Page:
Foroutan sees the servitude of women as part of a larger system of oppression, stemming from the Russian and British occupations of Iran during the early part of the 20th century, to the fighting between Muslims and religious minorities, conflict between the rich and poor and between men and their wives and children, in what Foroutan called “trickle-down oppression.”

The Jews in the book also suffer at the hands of the Muslim majority. In one scene, Ibrahim accidentally bumps into a man on the street and is beaten within an inch of his life by a mob of Muslims, who call him “Jude najis,” an impure Jew. A mullah eventually saves him from the angry crowd.

Mahboubeh is based on Foroutan’s real-life maternal grandmother, and the other characters are also drawn from her actual relatives.
Rakhel, the author said, “is the central figure in my family history.”

Even so, Foroutan is careful not to call her novel a work of history. She compared writing the book to exhuming the bones of a dinosaur. “You’ve got the structure, but you don’t know what color it was, or what its flesh looked like, or if it had feathers or scales,” she said. “So you construct it. To give it flesh, you have to imagine things.”

After graduating with a degree in English, Foroutan wandered from job to job. She taught English to fifth-grade boys at a yeshiva in Los Angeles, saying, “It was the most difficult thing I have ever done.” She then worked as a film and TV writer in Hollywood for a year (“I was so sickened by the industry, I took all my savings and went to Iran”). She knew she was a writer but didn’t know what to write. She began doing performance poetry, found a jazz-punk band to back her up, and did underground performances where the band would improvise and she would shout poetry onstage. “It was very raw,” she said.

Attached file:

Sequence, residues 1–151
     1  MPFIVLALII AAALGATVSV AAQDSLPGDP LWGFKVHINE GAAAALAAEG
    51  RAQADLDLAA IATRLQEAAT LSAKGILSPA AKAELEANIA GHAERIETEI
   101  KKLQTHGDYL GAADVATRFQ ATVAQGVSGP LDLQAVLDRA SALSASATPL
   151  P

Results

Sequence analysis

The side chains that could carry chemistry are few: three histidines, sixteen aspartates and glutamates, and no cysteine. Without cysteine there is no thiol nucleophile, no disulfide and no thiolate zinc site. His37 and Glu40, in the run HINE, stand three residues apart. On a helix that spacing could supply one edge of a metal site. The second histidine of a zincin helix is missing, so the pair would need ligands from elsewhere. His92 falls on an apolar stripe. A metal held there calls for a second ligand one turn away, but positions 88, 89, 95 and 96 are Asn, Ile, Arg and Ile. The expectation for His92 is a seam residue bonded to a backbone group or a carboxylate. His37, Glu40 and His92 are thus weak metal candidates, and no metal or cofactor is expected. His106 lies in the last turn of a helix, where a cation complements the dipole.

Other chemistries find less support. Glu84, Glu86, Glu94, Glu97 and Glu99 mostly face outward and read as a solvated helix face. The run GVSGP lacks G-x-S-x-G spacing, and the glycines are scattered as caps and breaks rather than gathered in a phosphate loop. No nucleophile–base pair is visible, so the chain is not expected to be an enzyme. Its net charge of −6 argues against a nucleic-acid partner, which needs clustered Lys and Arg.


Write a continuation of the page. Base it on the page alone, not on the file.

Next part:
That was in Tehran, right before 9/11. When she watched the World Trade Center towers fall on TV, she decided it was time to return to the United States. 

“We were all thrown into an upheaval. All of a sudden the world took a weird, dark turn. I wanted to do something and didn’t know what it was,” she said.

Foroutan taught English in inner-city schools in the San Francisco Bay Area, focusing on social justice through literature. She taught a class on Muslims in the media and the Middle East, and another on plays of the 1950s and the idea of the American dream from a Marxist perspective. She also taught classics of the Western canon from a feminist perspective.

“The one thing that gave me hope were those students and talking to them about everything that was going on globally,” she said. “They’re somewhere between childhood and adulthood. It’s this really magical age. There’s a lot of hope and belief in the goodness of the world. It’s a nice place to hang out.”

In Foroutan’s debut novel, her characters are trapped by tradition and expectations. Perhaps it’s the ability to think critically about their world that makes her so attracted to working with teenagers, as they dream of a better world than the one they inherited.


Parnaz Foroutan will read from “The Girl from the Garden” on Tuesday, August 18 at 6:30 pm at Diesel at Brentwood Country Mart, 225 26th St., Santa Monica, and on Friday, August 21 at 7 pm at Book Soup, 8818 Sunset Blvd., Los Angeles.